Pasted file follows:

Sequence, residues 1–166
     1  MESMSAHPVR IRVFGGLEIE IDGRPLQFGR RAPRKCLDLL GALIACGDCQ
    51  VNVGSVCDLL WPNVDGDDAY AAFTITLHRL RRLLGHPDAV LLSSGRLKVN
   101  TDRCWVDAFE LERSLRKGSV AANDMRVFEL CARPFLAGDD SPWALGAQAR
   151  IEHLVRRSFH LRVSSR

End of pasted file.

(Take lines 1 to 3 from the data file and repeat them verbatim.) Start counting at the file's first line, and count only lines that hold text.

Sequence, residues 1–166
     1  MESMSAHPVR IRVFGGLEIE IDGRPLQFGR RAPRKCLDLL GALIACGDCQ
    51  VNVGSVCDLL WPNVDGDDAY AAFTITLHRL RRLLGHPDAV LLSSGRLKVN